GroupM, which handles about $70 billion in media-buying for hundreds of the world's top advertisers, has found itself suddenly trying to explain to the world what "arbitrage" is, and why the WPP-owned agency is doing no such thing.
"Arbitrage" occurs when an agency buys online ad inventory on its own account, and then sells it to a client at a higher price, keeping the margin. It's controversial because the client may not know what the original price of the ad was — and therefore may have difficulty judging whether they're paying a fair price.
GroupM's CEO, Rob Norman, and its chairman, Irwin Gotlieb, both said at a conference panel that ad pricing schedules are not fully disclosed to clients. That, it turns out, was the advertising equivalent of the French police chief in Casablanca announcing that he is shocked — shocked! — to find that gambling is going on in the casino.
Vast sums of money are at stake. WPP CEO Martin Sorrell wrote in The Telegraph that a third of his company's business now comes from digital marketing of one sort or another.
Those two factors — money plus controversy — explain why everyone in the online ad world is buzzing about arbitrage this week.
Is arbitrage the same as "frontrunning"?
Critics — and competitors — of agency trading desks say the lack of transparency on ad prices looks a lot like "frontrunning," a practice that is banned on Wall Street. Frontrunning occurs when a broker, upon learning that her client wants to make a big stock buy which will drive up the price of the stock, acquires a bunch of that stock for herself ahead of the transaction, and thus profits.
To be fair, this is not what is going on in the ad biz.
But critics say it amounts to the same thing. It's a measure of how controversial the topic is that I had four conversations this week with high-level digital ad agency executives about arbitrage — and none of them wanted to go on the record about it. They were all fuming, however.
Interpublic, a competitor to WPP, says it does not practice arbitrage. "We are TOTALLY transparent. We don't arbitrage. A client's money isn't the agencies money," it tweeted recently.
Omnicom, another competitor, says it doesn't do arbitrage, but left the door open to maybe doing it in the future when asked about it by Ad Age.
Critics say that arbitrage is a conflict of interest that jacks up the price of advertising for clients who aren't sophisticated enough to audit their buying agencies. They also allege that agencies take a fee for managing the client's ad budget, and then take the arbitrage margin on top of that — which looks like double-dipping.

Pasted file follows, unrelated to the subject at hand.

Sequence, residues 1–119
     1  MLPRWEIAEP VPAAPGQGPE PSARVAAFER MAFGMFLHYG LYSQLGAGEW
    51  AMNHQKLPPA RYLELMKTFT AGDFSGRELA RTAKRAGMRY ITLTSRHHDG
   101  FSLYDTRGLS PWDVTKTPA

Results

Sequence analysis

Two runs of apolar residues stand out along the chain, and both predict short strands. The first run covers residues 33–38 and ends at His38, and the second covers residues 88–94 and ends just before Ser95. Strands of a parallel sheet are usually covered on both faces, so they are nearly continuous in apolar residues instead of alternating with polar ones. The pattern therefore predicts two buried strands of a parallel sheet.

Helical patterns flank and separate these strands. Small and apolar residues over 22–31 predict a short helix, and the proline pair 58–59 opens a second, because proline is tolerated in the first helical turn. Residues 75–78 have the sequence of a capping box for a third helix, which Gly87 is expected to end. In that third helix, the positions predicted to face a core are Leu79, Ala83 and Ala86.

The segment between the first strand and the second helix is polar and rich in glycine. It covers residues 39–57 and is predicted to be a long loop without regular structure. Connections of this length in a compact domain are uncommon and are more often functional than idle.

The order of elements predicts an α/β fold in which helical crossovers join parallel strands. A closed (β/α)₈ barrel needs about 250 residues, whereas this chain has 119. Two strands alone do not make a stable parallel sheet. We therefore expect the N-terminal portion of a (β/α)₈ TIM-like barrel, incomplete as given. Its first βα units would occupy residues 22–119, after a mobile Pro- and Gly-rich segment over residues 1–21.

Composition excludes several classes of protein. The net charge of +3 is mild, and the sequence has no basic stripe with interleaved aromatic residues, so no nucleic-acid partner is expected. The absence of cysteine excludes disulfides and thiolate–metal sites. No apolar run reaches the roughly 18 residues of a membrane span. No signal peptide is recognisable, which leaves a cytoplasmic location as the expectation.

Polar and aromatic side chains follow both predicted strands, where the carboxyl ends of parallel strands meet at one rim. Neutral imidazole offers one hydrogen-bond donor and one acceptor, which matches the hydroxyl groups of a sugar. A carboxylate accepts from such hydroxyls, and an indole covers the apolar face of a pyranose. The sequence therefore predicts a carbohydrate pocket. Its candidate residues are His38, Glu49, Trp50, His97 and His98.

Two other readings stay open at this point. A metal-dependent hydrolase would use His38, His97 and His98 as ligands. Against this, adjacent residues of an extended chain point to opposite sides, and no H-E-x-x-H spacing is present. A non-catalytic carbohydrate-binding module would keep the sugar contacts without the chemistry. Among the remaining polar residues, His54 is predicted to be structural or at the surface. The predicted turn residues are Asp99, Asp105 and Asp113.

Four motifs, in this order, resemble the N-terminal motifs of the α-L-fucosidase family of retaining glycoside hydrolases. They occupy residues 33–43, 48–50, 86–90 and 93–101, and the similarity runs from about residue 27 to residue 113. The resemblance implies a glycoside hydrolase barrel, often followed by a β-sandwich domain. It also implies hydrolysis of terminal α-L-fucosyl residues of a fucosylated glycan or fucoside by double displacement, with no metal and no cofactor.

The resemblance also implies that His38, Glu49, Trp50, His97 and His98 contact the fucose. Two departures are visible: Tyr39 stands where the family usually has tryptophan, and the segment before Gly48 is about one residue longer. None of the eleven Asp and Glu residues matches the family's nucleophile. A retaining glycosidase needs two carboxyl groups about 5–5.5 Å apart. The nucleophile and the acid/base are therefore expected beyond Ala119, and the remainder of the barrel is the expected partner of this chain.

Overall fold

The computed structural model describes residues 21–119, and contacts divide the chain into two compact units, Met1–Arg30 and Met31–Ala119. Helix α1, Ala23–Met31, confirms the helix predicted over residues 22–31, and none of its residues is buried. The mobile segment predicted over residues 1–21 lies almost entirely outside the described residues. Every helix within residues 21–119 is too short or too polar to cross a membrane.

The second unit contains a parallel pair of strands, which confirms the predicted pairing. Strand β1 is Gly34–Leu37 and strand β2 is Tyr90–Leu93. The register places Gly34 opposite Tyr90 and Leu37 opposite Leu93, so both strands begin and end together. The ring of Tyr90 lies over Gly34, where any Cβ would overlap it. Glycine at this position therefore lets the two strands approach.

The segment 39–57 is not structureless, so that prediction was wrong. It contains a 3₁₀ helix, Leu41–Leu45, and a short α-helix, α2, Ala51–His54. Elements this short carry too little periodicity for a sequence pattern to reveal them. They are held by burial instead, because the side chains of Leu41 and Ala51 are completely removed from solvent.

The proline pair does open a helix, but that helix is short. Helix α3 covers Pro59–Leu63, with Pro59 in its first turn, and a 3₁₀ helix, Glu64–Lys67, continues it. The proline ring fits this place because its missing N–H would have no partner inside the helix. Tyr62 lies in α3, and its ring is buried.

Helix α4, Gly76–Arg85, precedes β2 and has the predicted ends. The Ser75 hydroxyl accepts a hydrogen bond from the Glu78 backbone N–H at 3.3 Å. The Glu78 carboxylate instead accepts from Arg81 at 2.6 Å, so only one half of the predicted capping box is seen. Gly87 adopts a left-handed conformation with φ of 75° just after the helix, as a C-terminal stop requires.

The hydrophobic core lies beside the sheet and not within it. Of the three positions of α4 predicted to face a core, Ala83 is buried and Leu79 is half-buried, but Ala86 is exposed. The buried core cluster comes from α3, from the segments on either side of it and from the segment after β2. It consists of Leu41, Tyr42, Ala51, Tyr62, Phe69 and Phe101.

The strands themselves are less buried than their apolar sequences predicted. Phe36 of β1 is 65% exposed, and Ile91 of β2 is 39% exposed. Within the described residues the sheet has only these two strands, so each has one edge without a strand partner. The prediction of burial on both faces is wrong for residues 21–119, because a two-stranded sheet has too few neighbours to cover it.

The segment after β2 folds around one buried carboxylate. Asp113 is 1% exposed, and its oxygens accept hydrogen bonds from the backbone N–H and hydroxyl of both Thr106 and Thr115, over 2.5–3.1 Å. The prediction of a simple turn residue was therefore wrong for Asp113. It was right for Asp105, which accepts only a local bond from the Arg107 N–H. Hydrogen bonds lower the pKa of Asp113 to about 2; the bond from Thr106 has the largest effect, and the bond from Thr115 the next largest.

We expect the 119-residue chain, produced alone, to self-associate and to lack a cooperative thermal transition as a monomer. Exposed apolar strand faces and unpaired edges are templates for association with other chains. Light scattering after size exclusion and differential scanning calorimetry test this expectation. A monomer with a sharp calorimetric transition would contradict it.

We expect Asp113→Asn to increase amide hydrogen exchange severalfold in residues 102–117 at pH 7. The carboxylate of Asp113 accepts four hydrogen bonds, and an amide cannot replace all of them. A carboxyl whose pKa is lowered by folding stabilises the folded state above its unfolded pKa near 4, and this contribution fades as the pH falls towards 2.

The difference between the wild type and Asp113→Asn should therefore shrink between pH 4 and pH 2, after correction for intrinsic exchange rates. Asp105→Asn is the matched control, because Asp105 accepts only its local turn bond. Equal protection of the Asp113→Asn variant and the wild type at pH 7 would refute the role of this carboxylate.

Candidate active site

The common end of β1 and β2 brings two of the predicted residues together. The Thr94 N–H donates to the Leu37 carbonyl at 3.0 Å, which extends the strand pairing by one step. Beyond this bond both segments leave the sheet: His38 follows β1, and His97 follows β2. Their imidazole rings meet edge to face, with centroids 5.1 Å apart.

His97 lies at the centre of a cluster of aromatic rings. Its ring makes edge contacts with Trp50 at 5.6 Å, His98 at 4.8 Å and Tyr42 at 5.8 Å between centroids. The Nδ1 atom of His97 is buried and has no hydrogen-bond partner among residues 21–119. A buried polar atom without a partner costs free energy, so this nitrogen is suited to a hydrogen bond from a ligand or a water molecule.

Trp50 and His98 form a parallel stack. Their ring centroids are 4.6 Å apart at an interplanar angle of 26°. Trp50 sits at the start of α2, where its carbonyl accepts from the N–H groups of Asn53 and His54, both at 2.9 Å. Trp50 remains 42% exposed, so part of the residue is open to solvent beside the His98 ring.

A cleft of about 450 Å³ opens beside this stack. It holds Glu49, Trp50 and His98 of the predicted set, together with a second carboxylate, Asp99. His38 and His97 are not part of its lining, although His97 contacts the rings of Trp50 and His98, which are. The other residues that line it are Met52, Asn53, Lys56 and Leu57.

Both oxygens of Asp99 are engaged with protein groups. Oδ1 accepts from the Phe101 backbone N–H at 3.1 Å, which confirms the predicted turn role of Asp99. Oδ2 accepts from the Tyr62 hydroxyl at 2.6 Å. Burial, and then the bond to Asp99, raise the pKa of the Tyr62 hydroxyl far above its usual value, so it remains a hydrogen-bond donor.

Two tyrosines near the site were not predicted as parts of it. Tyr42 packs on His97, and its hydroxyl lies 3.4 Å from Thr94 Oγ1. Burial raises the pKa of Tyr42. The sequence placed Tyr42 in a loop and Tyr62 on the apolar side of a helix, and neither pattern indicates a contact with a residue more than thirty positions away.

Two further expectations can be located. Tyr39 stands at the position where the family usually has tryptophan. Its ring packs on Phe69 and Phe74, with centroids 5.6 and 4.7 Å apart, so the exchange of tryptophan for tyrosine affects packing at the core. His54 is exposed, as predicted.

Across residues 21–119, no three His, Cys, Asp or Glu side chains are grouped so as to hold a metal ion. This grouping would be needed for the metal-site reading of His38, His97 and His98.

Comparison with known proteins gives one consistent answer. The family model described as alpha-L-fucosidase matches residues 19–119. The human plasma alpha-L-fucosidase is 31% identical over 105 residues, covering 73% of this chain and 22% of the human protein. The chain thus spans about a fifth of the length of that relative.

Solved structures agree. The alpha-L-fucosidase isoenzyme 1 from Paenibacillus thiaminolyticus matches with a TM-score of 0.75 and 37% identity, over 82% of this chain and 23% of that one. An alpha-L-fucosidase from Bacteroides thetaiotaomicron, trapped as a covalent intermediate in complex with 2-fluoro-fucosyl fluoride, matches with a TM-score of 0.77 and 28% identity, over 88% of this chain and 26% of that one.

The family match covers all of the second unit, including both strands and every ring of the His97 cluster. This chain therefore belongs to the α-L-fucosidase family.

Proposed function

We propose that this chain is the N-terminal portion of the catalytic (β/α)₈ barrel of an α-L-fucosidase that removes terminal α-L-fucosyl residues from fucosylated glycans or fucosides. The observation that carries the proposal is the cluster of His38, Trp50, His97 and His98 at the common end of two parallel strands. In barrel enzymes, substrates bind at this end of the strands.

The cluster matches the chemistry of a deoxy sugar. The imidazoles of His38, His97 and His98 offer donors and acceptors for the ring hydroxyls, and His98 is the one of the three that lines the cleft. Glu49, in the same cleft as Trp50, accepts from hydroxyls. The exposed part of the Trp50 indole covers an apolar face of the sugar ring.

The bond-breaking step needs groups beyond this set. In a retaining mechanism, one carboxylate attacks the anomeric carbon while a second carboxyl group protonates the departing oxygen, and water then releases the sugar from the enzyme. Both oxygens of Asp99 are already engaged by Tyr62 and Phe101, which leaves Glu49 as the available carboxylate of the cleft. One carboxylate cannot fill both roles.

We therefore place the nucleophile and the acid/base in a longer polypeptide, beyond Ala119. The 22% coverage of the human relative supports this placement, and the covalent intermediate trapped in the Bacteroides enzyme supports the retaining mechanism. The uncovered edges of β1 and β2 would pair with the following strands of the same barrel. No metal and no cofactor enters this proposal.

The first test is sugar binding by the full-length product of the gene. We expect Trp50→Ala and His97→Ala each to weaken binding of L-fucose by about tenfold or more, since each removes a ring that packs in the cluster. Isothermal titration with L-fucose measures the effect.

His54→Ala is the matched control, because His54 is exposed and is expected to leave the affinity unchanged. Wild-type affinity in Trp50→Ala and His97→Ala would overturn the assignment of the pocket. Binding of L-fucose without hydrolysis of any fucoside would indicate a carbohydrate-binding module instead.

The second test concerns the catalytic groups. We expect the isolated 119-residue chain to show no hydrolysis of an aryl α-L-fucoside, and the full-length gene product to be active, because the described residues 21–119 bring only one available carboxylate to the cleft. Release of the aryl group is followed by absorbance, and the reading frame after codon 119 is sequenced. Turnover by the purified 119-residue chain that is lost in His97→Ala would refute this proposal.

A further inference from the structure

If it's disclosed, who cares?
In their defense, agencies say the practice is fully disclosed to clients. The margin comes from value that is added when they apply extra data to the buy that makes it more targeted, more useful to the advertiser. In short, what the agency is reselling is a new and different thing than what was bought from the publisher. It's better, and it deserves a higher price. That, therefore, is not arbitrage, because they're not simply frontrunning and flipping a commodity they bought first. They're creating a new product out of an old commodity.
The margin also pays for the risk of not being able to resell the inventory. A huge amount of inventory goes unsold, so that risk is real. And, of course, agencies have to pay for the technology platforms they build to create these buying networks. Trading desks don't grow on trees, after all.
What clients don't know
The last part of the controversy is what clients know and don't know.
WPP's Norman told Business Insider that he has 1,500 agreements with clients globally, in which the clients do not get to know the original price of the advertising sold to them. The clients know how much they are paying, and what the performance of their campaigns is, but they don't get to see what value GroupM created in the secret sauce it applied after the original ad impression was bought from the publisher. "We never operate on a non-disclosed basis without the specific contractual consent of our clients," Norman tells us.
A lot of clients don't want to know. One of the reasons they hire agencies is because the online ad world is so complicated — sales are traded in fractions of a second, so it's literally not visible to observers. They want their agencies to handle it for them.
And, of course, clients tend to judge agencies by performance. Trading desks can't stay in business if they cost more than their competitors — so as long as superior performance is there, does it really matter how the agency makes its margin?
One of the reasons GroupM is taking such flak is because people don't understand exactly what it does. For example, in 2010, chief marketing officers at four major car advertisers confessed at a conference that they did not know what "demand-side platforms" are. (They're online ad buyers who often compete with agency trading desks).
It might, however, behoove clients to become a little more interested in how online advertising works. If that were the case, some of these misunderstandings might not arise.
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